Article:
Gates are essential barriers that not only act as demarcation lines between your property and the next, but also the main security asset to your property. With this said, it is therefore of paramount importance to ensure that the locks on your gate are of top-notch quality – keeping in mind that they vary greatly from those on your front door for instance. Fortunately, it should not be a daunting affair finding one as you have limited options while seeking for a quality gate lock. Let’s dive right in and have a look at the options you have in regards to gate locks.
Options for Gate Locks:
Rim Locks – as its name implies, rim locks are fixed at the edge (rim) of a wooden gate or door and even though these locks are sometimes regarded as weak and not really secure, they are quite user-friendly which makes them very popular especially on small yard gates. Expect to come across two types of rim locks at your local hardware store with the first having the option to open from either side of the gate and the other, entailing a lock and latch where you will have to twist the handle for it to grant access.
- Affordable and simple to install.
- Can be opened from either side of the gate.
- Can be fitted on a myriad design of gates and doors.
- Regarded as weak in comparison to other locks
- Not ideal for ledge and braced gates.
Padbolt – also commonly referred to as the Brenton padbolt, they are virtually the simplest to fit on a gate or even door and in fact, even DIY amateurs should find fitting these locks a walk in the park. They are attached on the front and rear parts of the gate using screws and bolts as the name aptly implies. The locks are designed to be used in conjunction with a padlock which you will have to buy separately of course. Therefore, your overall security will not only depend on the strength of your padbolt, but also the type of padlock you use on it.
- Easy to fit.
- Very affordable.
- Effective in regards to security.
- Can be easily fitted to most if not all types of gates.
- Operated from only one side of the gate where it is fitted.
Mortise deadlocks – if security lies at the top of your list of priorities, then procuring a Mortise deadlock would certainly be in your best interest. They vary slightly in regards to the lever mechanism design (from three to five levers), meaning the more levers you have on your lock, the more secure your gate is. In fact, the 5 lever Mortise lock is sometimes commonly referred to as the five lever insurance lock,’ owed to the fact that it almost guarantees total safety. It is not fitted on the front or rear parts of your gate but rather inside it meaning removing or unscrewing the Mortise lock is totally out of the question to potential intruders. Once installed, the lock can be operated from both sides given that you’ll have a keyhole on either side.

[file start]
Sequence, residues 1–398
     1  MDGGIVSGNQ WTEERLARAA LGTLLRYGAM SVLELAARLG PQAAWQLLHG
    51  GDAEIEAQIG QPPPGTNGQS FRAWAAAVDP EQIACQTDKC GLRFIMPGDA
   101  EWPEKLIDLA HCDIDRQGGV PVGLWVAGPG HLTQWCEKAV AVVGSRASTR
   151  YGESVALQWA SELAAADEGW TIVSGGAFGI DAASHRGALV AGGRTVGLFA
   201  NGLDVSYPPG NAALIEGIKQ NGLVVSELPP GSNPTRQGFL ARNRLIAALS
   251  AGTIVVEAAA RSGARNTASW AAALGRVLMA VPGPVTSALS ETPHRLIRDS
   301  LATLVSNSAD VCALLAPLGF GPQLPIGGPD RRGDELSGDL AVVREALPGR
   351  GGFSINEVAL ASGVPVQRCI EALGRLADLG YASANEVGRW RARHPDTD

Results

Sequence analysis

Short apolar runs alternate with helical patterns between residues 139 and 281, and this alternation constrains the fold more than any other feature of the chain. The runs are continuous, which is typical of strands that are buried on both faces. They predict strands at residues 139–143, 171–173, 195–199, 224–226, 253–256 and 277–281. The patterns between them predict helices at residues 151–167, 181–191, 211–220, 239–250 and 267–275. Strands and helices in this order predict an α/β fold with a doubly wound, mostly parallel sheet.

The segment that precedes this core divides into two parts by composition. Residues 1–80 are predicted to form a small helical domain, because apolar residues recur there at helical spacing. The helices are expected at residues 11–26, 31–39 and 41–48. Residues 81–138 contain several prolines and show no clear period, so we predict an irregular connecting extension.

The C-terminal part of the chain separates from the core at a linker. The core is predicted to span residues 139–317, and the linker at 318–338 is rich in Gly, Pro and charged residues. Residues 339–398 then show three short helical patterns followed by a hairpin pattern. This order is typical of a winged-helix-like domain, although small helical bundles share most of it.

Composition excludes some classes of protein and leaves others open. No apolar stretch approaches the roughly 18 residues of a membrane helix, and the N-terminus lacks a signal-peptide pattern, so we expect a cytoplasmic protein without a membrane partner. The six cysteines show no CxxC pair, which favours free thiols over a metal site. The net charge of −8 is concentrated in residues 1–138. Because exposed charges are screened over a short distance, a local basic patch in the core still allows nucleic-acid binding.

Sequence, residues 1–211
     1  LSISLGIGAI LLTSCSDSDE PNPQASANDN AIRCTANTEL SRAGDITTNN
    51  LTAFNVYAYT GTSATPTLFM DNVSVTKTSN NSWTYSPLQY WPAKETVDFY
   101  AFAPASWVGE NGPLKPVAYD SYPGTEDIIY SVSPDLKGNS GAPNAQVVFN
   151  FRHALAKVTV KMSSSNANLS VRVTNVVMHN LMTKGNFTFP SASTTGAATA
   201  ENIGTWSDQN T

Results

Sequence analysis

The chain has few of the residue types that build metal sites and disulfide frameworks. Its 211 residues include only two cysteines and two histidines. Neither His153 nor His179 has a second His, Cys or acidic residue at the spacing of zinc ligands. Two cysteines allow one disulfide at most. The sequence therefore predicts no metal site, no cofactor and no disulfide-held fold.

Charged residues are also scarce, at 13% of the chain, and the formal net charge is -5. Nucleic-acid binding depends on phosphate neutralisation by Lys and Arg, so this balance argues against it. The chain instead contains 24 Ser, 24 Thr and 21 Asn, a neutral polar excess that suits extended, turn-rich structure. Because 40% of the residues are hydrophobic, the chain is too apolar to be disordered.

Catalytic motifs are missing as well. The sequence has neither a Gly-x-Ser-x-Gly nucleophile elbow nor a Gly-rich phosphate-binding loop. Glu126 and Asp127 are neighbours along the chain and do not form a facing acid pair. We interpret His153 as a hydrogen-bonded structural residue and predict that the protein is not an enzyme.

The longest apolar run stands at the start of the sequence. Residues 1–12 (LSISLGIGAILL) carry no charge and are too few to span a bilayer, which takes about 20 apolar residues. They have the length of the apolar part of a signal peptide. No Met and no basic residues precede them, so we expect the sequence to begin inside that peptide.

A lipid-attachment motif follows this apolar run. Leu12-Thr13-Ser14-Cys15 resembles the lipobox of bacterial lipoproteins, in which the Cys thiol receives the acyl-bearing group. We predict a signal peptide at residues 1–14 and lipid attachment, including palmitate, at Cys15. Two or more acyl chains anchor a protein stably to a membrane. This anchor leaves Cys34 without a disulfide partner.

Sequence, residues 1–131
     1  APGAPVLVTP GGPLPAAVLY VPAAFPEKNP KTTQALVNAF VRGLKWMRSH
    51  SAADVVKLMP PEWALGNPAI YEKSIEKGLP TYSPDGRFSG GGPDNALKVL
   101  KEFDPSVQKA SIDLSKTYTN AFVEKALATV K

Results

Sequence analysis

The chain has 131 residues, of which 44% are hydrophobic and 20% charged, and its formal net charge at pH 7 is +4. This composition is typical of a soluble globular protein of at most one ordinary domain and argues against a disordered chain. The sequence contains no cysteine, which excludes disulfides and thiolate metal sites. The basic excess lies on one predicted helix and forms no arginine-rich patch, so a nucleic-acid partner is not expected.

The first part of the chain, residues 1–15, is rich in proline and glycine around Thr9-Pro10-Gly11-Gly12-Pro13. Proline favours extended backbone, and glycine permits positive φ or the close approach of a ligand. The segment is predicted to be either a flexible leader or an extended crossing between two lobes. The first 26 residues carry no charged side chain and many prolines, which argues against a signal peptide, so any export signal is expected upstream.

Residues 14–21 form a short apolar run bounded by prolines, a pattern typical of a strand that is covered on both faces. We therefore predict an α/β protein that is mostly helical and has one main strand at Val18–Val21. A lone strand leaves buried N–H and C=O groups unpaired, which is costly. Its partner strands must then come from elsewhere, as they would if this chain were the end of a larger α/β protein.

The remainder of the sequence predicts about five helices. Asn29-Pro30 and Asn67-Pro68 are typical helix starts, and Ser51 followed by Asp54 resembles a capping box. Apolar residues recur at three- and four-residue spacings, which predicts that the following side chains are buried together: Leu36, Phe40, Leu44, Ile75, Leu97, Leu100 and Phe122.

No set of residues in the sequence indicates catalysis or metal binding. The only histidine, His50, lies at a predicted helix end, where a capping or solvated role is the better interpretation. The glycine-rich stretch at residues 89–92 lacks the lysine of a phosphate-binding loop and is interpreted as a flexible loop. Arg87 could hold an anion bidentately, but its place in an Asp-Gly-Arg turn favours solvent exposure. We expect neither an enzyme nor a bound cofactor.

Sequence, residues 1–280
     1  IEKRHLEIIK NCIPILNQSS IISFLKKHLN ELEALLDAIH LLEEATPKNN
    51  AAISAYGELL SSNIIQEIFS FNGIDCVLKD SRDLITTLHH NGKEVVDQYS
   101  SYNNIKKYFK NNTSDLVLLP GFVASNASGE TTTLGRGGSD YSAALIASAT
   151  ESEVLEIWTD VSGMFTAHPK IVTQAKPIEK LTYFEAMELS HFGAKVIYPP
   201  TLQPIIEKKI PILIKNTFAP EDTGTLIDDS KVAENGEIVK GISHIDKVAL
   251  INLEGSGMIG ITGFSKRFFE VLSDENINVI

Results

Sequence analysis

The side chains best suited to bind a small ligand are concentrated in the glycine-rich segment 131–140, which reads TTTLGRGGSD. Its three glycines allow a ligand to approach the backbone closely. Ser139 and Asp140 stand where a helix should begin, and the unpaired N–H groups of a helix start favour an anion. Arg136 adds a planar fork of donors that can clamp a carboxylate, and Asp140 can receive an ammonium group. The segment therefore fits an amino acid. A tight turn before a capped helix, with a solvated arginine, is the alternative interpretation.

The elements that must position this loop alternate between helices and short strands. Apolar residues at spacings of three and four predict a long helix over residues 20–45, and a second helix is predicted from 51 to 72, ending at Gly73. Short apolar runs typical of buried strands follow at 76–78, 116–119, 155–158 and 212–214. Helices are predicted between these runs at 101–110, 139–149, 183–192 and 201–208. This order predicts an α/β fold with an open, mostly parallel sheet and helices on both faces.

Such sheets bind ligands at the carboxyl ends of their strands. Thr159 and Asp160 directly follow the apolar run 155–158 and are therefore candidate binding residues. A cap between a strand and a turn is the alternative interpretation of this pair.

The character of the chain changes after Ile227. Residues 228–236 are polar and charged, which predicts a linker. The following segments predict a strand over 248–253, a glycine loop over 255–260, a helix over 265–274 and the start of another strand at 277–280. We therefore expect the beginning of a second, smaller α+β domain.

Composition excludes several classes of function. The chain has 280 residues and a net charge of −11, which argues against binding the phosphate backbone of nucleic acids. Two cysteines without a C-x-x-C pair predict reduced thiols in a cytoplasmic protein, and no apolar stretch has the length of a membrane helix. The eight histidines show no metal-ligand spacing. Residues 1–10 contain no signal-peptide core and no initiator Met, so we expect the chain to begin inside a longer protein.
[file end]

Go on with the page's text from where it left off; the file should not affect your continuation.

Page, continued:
- Most secure lock on the market.
- Can be accessed from either side of the gate.
- The locks are guaranteed.
- Can be fitted in a wide variety of both gates and doors.
- Challenging to fit given that you’ll need to cut into the edge of your door or gate.
- Cannot be fitted just anywhere rather than the edge only.
- More expensive than other locks on the market.
Other Gate Lock Options:
Even though the above options are ideal for most types of gates, you can also choose to entail two types of locks concurrently as an additional security measure. For instance slidebolts or barrel bolts can be installed on the inside, just above or below non-locking latches meaning once you slide the barrel into the catch, the gate cannot be accessed from either side. To be on the “safe-side” it is always advisable to consult a locksmith expert before settling for any type of gate lock. Also, take time to research on the best available locks on the market to know the trending products currently before making any decision. In the end, it all boils down to your specific preferences and the type of gate you have.